For me, the way to tackle some of the health problems in our society is to get educated about them; how they start, how they spread, and what drugs are appropriate to combat them.
I have had little luck with doctor diagnosis. Doctors have an average of 14 minutes to spend with a patient to figure out what's wrong. In that amount of time, physicians can only give an educated guess as to how to treat the problem...often prescribing antibiotics at the drop of a hat so our bodies get resistant to them and they are not effective next time.
My daughter is a pharmacist, and it angers her when docs prescribe drugs like Z pacs and augmentin when they aren't sure what is wrong. She is convinced that this pervasive practice is setting us up for a superbug that will be untreatable.
So, what I do now is research my illness and go in armed with information to the doctor's office so that my doctor can use his limited time with me to narrow down my illness to a few possible ones...so they can be properly treated.
To me, the crises that occur in our health care system are not the diseases themselves, but things that affect the access to health care.
Medicare is running out of money. Millions are uninsured or under-insured. In the current down economy these problems are magnified.
I feel that the major problem is the demand by patients for unnecessary and expensive tests and procedures, and the refusal of health care professionals to appropriately ration medical care. We simply can't afford to give an MRI for a sore toe. Also, there is a huge problem in the U.S. with end-of-life care. Typically, an elderly person ends up spending the last few weeks of their life in an acute care facility, running up a bill of hundreds of thousands of dollars...and to what benefit to the patient or society? We end up consuming precious medical resources in order to postpone for a day or a week the inevitable.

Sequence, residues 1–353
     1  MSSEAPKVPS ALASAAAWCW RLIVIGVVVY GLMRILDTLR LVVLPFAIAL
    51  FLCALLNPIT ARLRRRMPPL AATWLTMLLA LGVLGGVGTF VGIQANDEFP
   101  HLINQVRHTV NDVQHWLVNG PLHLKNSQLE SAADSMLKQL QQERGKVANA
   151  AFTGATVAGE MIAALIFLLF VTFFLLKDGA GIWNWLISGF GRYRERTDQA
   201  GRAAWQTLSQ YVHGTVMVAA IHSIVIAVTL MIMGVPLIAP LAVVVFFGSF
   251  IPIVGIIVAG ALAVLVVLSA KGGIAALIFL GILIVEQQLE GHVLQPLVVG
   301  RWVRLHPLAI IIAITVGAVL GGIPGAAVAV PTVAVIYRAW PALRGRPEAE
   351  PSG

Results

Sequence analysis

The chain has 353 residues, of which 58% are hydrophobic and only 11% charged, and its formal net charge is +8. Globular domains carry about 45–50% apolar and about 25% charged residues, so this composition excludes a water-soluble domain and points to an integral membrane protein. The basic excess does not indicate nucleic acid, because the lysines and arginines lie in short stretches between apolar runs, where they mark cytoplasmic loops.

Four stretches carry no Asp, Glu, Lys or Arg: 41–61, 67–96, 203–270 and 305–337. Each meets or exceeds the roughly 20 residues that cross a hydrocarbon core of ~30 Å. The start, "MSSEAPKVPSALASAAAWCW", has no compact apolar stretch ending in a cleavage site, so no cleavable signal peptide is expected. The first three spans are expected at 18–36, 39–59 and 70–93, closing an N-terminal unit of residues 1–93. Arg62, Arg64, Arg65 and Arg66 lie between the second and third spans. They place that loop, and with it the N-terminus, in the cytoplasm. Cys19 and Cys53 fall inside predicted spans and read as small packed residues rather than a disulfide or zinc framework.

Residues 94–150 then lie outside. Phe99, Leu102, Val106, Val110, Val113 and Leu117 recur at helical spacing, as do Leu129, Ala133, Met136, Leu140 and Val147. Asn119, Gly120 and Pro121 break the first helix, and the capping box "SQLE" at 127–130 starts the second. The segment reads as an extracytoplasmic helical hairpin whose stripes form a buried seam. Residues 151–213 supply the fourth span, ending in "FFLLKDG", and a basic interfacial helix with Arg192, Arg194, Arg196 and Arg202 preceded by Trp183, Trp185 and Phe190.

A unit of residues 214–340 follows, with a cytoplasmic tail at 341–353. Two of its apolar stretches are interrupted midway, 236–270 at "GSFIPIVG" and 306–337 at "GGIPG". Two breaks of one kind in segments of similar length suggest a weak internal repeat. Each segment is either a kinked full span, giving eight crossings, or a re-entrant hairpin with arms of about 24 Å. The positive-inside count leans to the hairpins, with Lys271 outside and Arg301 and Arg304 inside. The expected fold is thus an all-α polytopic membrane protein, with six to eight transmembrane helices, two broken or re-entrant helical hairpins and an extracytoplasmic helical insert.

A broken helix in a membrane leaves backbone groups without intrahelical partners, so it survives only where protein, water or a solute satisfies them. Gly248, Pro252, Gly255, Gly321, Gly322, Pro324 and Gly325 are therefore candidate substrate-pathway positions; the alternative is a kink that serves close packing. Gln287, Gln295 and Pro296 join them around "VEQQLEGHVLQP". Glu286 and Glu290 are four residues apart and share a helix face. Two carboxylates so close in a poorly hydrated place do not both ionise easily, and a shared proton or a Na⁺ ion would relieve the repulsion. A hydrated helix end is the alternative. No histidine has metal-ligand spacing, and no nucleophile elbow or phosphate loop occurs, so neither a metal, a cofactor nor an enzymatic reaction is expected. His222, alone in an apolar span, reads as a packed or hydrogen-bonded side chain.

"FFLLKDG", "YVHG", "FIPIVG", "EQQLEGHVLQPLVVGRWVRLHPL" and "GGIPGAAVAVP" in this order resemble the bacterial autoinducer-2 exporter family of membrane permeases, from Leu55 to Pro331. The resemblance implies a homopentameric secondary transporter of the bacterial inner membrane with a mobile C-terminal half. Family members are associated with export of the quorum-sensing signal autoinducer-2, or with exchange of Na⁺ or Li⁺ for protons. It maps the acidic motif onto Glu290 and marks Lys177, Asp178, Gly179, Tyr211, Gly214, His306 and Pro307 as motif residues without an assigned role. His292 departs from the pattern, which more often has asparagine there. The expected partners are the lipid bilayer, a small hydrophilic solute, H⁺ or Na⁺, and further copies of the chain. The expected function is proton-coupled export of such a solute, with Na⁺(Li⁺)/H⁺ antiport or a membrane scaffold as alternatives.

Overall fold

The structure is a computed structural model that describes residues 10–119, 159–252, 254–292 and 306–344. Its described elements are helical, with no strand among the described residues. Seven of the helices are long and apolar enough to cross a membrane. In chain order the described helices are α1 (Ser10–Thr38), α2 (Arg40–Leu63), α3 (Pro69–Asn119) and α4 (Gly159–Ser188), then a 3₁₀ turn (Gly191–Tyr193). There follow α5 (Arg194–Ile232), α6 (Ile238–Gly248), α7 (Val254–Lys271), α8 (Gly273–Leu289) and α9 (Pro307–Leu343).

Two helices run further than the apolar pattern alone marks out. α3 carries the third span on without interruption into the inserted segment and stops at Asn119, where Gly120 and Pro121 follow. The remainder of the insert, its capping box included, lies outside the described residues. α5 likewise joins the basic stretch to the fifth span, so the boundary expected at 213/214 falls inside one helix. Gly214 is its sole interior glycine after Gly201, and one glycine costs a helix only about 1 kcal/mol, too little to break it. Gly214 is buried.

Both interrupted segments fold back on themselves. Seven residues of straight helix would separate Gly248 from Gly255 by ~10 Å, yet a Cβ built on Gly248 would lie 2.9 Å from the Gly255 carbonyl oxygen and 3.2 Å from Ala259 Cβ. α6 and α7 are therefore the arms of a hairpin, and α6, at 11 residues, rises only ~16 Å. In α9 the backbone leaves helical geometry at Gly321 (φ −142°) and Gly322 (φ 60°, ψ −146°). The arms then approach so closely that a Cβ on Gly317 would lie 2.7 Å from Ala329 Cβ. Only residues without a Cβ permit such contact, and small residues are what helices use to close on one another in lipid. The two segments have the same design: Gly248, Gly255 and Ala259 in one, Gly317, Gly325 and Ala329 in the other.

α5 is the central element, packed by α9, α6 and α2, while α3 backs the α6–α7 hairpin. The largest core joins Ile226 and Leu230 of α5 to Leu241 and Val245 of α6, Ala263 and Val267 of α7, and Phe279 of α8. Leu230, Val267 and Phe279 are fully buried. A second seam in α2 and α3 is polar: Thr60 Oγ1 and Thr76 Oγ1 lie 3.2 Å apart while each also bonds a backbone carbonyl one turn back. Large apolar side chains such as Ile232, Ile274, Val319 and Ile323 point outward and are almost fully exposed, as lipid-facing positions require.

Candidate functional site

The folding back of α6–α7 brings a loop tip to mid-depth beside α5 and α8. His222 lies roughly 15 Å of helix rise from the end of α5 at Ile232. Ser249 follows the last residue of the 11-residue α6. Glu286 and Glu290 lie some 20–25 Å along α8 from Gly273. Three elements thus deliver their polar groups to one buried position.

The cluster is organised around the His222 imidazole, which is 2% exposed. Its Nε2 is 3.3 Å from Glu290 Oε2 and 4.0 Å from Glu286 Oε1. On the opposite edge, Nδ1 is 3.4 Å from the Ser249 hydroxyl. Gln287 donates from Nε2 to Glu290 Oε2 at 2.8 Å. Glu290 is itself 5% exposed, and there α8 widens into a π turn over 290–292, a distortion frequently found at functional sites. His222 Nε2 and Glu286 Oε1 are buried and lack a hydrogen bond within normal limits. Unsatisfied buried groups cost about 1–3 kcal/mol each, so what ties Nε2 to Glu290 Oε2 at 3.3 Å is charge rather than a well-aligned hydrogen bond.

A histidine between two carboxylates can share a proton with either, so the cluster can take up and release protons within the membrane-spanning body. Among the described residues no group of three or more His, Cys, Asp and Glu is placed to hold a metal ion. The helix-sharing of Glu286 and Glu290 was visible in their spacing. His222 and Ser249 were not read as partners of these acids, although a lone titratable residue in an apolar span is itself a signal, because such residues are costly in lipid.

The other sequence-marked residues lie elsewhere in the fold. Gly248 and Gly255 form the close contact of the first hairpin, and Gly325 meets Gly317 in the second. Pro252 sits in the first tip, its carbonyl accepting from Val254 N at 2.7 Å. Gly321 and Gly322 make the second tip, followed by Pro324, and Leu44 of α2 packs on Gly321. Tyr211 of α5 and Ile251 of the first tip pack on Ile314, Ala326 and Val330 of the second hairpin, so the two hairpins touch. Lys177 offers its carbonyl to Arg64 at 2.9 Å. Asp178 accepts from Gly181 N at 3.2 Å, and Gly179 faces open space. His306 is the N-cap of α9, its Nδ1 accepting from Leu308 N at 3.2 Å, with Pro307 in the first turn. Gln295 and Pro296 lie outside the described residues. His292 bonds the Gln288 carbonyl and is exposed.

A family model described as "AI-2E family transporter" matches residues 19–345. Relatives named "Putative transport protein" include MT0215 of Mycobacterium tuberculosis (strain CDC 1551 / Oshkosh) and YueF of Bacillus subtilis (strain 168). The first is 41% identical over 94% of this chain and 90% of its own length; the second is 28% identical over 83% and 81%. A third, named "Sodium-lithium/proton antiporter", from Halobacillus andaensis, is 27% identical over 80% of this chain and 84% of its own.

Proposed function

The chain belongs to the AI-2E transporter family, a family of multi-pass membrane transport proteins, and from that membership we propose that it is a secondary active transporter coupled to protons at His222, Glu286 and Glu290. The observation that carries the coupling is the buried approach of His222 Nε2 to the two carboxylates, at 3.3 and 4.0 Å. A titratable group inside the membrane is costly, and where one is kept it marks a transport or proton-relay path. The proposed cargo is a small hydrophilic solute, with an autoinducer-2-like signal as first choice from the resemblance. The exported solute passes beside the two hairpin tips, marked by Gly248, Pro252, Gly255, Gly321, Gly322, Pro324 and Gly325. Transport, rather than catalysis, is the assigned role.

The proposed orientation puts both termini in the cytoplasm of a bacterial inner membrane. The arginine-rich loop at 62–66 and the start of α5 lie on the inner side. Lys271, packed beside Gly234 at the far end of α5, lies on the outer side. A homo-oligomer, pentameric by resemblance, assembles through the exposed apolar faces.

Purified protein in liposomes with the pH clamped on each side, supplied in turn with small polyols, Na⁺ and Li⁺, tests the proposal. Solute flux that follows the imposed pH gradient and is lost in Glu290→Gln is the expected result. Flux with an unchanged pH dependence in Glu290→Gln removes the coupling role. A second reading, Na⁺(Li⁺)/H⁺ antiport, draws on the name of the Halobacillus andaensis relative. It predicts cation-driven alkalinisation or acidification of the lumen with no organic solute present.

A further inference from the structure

Until the government or HMO's get control of overutilization, our crises will continue.
I agree that there is much preventable disease in the world. But I don't know that everyone is going to get on board just because that is true. I know that there are some behavioral programs here and there, with employers using carrots and sticks to motivate employees into doing the right thing and reducing the employers' health care costs. Medicare could do the same, and sometimes it would work and sometimes it wouldn't. Until someone figures out a simple way to satisfy those receptors in our brains that get satisfied when we eat, drink, smoke, and use illegal substances, this is going to be an uphill battle. I have lost many pounds myself in the past year, and I feel wonderful. Now it's time to tackle the smoking. But that does not mean that the accumulation of years in which I should have done these will not result in harm to my health. I think the bottom line is that people do not always act rationally, and we need to find a way to solve the problem that acknowledges this.